Sunday, October 9, 2016

How Hillary Does "Oppo"

If you are an avid Hillary supporter and grassroots volunteer, you get many emails in the course of the day from various arms of the campaign asking for specific help on a variety of tasks.  One thing you are never asked to do is help Hillary prepare for the debates.  Nevertheless, I do receive random emails and messages offering exactly that kind of unsolicited assistance.  Hillary does not need our help with that.  Buzzfeed's Ruby Cramer's latest opus explains how Hillary goes on the debate stage loaded for bear, and why nothing the average or even above-average supporter could never come close to the kind of ammunition Hillary has in her arsenal.

The article treats one characteristic of Hillary's that I like best.  It is the reason why I think she will be an awesome president: she is diligent, assiduous, leaves no stone unturned, and has a mind like a steel trap!  Read this, then watch the debate tonight.  Trump will not be ready for the incoming.  Enjoy! Be prepared to cheer!

Hillary Clinton Already Knows The Bad Thing You Said

It’s no accident that Hillary Clinton throws obscure facts, names, and comments at opponents during debates. She loves opposition research. She delights in it, personally reading every detail and methodically storing it away — part of what makes Clinton, whether in debates, or day to day on the campaign trail, “obsessive” when it comes to being prepared.
Justin Sullivan / Getty Images
It was November in Iowa, and Martin O’Malley was polling at 4%.

This was not, however, about to stop Hillary Clinton from ensuring that if and when the little-known Maryland governor attacked her ties to Wall Street on the debate stage, which he did, she would be ready with a perfectly tailored response, which she was.

“Well, you know, governor,” she said, “I know that when you had the chance to appoint a commissioner for financial regulation, you chose an investment banker in 2010.”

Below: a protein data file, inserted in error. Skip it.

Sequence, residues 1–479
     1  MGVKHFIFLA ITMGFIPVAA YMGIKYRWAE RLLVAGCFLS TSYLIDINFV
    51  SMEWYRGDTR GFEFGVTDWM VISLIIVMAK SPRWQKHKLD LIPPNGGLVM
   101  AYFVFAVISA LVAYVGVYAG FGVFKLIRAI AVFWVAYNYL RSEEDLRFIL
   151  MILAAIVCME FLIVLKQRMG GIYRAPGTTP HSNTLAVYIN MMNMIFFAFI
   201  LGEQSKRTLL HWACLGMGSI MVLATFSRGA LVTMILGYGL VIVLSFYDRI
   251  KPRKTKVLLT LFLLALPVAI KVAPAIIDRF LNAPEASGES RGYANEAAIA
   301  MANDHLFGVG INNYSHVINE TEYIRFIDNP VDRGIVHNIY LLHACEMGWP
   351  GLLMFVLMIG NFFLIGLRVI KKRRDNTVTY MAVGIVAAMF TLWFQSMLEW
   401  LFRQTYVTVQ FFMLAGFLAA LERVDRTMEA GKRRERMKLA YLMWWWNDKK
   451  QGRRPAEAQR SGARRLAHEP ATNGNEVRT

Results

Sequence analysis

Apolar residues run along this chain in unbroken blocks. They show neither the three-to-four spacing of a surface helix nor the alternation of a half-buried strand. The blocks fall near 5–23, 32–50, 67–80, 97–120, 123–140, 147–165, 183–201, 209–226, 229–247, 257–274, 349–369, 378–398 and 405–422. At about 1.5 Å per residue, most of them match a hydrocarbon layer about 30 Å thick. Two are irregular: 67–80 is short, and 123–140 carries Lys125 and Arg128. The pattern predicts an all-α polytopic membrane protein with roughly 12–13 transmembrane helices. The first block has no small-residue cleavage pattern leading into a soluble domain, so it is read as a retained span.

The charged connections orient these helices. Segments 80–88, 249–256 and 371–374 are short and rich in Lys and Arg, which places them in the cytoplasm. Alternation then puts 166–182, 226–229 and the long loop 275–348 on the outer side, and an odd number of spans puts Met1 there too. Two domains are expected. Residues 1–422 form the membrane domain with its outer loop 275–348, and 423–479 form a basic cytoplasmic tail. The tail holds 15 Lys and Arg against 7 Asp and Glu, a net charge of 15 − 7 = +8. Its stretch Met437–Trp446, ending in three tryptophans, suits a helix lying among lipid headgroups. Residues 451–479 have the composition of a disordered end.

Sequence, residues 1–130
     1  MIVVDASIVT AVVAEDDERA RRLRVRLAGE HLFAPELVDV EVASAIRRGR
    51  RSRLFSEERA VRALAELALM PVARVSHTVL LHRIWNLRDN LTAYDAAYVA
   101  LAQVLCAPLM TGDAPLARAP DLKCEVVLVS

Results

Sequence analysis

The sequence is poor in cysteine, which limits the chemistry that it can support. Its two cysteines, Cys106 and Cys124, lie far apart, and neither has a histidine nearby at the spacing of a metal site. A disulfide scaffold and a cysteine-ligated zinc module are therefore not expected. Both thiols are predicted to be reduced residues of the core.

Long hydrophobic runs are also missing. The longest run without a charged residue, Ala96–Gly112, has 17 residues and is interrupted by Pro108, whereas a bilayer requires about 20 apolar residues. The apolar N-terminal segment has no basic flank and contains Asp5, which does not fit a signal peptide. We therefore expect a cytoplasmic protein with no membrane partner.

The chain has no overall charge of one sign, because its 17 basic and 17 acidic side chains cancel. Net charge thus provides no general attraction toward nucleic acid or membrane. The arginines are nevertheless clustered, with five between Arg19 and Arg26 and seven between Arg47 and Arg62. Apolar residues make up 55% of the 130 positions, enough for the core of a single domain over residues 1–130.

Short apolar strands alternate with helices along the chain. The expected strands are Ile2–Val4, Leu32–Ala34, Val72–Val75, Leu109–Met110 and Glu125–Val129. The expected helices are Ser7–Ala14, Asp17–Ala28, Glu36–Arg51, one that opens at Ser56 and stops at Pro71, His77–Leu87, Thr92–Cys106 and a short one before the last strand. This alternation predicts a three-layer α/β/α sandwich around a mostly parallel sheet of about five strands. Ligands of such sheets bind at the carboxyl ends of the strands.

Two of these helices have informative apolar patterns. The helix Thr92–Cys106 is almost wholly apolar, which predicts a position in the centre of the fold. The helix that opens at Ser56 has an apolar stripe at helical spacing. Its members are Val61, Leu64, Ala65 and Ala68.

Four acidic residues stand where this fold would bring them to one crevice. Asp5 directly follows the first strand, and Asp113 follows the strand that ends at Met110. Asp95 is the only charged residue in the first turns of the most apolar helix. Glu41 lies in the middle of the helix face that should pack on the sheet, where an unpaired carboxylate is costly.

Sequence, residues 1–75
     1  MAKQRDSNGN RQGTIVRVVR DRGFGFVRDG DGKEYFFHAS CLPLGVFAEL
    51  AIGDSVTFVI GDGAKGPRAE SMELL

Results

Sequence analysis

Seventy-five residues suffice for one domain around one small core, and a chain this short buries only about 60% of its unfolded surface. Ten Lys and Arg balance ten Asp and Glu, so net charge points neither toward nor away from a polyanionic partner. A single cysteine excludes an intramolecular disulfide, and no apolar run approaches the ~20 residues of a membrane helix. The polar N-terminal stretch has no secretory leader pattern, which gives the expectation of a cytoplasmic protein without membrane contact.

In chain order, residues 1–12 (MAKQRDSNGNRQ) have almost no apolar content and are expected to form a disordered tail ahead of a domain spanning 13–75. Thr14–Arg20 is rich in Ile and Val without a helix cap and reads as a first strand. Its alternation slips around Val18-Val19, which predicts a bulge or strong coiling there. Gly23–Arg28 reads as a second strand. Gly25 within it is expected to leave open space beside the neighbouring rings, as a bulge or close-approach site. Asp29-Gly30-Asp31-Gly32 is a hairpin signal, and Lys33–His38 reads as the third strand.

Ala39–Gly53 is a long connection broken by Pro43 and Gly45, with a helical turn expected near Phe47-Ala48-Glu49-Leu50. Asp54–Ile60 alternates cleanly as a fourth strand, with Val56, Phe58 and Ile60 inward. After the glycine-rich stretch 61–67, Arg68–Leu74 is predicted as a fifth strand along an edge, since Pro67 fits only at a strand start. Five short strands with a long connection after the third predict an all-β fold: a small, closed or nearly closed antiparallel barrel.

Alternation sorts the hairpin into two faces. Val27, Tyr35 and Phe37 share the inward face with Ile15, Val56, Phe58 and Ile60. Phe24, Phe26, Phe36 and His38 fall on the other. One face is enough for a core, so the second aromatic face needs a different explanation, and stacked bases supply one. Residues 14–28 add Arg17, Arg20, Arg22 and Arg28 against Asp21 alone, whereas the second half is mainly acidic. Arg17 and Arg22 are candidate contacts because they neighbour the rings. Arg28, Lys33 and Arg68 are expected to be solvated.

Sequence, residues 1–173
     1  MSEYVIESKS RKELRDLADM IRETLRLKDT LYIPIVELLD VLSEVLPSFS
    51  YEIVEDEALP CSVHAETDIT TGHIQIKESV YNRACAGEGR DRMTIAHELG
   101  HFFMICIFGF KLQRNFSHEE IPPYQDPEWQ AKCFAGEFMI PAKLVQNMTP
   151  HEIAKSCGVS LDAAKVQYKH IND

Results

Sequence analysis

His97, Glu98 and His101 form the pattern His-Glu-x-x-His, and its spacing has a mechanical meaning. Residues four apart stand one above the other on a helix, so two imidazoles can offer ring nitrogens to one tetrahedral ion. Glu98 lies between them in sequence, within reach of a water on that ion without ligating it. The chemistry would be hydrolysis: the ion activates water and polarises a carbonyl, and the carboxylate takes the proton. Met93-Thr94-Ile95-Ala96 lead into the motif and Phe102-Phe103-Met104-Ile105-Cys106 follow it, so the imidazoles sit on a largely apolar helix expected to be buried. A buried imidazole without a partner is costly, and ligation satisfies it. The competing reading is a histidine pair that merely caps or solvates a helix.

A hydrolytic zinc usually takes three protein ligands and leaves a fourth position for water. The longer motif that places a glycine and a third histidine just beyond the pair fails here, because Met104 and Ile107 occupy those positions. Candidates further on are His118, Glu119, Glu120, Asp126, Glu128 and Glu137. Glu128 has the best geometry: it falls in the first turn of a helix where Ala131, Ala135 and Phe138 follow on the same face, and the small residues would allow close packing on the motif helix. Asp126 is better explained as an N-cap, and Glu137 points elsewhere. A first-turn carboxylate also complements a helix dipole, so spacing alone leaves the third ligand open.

It was with the same specificity and ease that Clinton landed one hit after the other on Donald Trump in the first debate, weaving into nearly every exchange a dredged-up quote or damning data point from nearly every period of her opponent’s life.

“And one of the worst things he said was about a woman in a beauty contest,” Clinton said by the end of the night, introducing the world to Miss Universe 1996, whom Trump once criticized for gaining weight. “He called this woman ‘Miss Piggy.’ Then he called her ‘Miss Housekeeping.’”
“Donald,” Clinton said, ready with the line. “She has a name.”

Trump put his face to the mic. “Where did you find this? Where did you find this?”

“… Her name is Alicia Machado.”

“Where did you find this?” Trump asked Clinton a third time.

The question has perplexed her opponents on the debate stage before. But for the aides who have worked with Clinton in close proximity on campaigns, the hyper-specific and obscure jab, delivered with on-the-spot precision, is their boss’ trademark. As described by current and former staffers, Clinton is a candidate who insists on being “humongously prepared,” who consumes research with “obsessive” rigor — and who, perhaps more than most elected officials, delights in the art form known by political professionals as “oppo.”

Read more >>>>